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Research Provides a New Approach for Auditory Localization and Speech Understanding

by Bidita Debnath on  August 10, 2014 at 11:54 PM Research News   - G J E 4
Patients with implanted artificial cochlea often complain that they cannot recognize speech well in natural environments, especially if background noise is there.
Research Provides a New Approach for Auditory Localization and Speech Understanding
Research Provides a New Approach for Auditory Localization and Speech Understanding
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Researchers think that a poor ability to localize sound in a complex auditory environment is responsible for the weak speech perception observed under these conditions. Pentobarbital anesthesia prolongs the recovery time of responses to lagging stimulus.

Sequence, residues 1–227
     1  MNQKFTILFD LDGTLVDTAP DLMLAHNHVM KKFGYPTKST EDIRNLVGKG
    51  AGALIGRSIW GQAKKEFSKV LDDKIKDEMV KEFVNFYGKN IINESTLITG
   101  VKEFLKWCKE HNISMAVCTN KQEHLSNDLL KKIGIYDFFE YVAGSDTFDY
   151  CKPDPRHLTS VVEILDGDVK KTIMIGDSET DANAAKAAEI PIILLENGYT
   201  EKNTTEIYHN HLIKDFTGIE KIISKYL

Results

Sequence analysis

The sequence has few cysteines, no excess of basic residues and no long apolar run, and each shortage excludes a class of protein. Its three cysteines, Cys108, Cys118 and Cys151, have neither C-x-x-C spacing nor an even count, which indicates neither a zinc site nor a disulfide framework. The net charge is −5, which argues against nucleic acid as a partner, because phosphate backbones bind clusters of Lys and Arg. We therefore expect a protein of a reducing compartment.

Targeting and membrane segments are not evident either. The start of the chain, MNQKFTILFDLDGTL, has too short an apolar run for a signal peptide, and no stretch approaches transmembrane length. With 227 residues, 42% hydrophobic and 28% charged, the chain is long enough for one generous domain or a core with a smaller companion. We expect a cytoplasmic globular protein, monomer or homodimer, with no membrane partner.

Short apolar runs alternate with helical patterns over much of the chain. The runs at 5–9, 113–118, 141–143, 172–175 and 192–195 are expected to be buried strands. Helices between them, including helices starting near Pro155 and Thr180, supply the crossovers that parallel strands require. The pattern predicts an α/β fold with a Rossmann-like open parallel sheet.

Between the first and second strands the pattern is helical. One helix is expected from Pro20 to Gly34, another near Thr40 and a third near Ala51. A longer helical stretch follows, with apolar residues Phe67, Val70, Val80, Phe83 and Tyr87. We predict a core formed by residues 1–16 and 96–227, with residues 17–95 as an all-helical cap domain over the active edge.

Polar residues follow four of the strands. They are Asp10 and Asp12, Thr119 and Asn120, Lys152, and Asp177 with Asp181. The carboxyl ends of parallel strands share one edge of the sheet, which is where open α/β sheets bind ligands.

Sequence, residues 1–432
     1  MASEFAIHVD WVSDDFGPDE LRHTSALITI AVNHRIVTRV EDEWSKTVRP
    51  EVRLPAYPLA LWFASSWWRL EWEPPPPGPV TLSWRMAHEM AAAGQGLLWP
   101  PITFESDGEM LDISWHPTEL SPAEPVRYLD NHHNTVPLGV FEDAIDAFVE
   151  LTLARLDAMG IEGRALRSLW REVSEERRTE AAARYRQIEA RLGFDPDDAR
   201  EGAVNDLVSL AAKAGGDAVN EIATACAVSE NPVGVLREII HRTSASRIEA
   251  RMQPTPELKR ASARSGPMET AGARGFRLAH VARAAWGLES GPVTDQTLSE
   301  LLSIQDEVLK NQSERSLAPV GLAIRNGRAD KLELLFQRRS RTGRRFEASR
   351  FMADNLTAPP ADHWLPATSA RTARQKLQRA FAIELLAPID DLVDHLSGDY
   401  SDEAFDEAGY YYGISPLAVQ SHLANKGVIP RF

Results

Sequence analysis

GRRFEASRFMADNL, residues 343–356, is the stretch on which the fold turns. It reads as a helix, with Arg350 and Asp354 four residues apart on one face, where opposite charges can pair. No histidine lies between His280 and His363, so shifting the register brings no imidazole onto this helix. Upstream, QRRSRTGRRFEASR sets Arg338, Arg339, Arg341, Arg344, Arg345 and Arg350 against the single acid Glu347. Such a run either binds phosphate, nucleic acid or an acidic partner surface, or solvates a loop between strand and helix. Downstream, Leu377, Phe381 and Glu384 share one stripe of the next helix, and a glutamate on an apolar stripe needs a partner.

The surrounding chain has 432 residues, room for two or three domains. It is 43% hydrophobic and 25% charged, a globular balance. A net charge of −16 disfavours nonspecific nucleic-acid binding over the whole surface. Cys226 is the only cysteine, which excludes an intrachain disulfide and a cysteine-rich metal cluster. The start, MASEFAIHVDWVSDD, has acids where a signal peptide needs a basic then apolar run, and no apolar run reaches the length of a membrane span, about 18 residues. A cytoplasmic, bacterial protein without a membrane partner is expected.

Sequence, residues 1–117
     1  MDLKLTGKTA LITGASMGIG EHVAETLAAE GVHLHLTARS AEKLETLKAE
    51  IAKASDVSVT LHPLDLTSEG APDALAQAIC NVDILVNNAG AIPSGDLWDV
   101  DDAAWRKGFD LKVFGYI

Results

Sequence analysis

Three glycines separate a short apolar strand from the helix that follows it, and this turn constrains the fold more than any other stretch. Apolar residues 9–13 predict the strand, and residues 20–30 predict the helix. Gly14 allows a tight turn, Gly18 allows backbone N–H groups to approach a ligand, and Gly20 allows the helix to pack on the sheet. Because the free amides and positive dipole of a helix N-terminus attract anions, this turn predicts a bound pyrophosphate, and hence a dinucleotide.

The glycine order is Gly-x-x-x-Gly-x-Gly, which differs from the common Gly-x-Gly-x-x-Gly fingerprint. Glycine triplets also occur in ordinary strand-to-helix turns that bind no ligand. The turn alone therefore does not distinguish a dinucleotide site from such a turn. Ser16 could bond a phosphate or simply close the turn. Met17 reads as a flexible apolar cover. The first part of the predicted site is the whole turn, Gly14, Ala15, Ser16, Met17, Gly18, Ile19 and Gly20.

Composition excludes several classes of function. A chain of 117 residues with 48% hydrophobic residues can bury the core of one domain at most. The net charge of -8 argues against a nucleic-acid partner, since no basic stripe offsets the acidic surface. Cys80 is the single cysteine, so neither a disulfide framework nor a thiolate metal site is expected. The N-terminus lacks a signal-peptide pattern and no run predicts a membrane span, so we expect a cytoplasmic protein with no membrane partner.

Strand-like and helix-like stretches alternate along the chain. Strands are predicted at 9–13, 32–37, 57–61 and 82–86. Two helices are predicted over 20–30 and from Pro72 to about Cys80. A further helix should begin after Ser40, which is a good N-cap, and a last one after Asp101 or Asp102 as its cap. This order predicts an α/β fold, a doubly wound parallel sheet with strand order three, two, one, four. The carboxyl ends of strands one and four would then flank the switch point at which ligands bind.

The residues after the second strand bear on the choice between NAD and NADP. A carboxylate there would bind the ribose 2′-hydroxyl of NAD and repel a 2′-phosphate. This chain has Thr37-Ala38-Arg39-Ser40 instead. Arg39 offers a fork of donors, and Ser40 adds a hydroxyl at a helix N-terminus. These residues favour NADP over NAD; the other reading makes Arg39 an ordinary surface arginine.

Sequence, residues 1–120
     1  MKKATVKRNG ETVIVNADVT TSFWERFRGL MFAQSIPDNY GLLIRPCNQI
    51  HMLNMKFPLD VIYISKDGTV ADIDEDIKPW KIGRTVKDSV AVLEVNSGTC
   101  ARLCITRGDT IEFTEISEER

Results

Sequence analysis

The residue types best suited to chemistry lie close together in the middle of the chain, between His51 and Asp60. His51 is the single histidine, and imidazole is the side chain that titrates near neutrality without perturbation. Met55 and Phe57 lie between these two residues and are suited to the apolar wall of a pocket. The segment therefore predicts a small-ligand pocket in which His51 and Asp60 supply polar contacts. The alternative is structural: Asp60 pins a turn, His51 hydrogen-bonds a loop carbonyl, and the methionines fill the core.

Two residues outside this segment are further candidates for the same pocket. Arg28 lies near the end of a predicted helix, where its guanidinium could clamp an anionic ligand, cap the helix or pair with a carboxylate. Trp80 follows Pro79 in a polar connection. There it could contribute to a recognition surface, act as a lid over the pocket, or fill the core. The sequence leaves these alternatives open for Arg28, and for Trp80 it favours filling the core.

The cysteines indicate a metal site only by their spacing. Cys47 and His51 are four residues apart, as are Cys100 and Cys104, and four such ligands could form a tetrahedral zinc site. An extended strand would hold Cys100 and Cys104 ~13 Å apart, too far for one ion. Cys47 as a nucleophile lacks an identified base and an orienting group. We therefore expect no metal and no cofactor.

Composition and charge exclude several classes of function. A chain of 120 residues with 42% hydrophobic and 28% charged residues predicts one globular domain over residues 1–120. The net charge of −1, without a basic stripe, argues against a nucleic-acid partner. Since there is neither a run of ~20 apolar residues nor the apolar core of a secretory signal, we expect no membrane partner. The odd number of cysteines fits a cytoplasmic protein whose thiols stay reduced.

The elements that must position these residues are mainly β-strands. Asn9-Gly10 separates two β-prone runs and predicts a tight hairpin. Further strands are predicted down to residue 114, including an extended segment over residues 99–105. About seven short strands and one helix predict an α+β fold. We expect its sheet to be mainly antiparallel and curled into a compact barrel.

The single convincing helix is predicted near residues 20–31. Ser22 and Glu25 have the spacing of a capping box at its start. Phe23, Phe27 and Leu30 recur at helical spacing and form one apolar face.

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The effects of pentobarbital anesthesia on the precedence effect stem from decreased dissociation of gamma-aminobutyric acid from its receptor (i.e., it is a gamma-aminobutyric acid agonist). Therefore, Yanjun Wang and co-workers from Beijing Chaoyang Hospital, Capital Medical University in China investigated how neurons in the inferior colliculus respond to the paired sounds that produce precedence-effect illusions, and whether their firing behavior can be modulated through inhibition with gamma-aminobutyric acid.

They found that after local gamma-aminobutyric acid application, responses to the lagging stimulus were suppressed. This result, published in the Neural Regeneration Research (Vol. 9, No. 4, 2014), can provide a new approach for auditory localization and speech understanding of patients with hearing aids under background noise.

Source: Eurekalert
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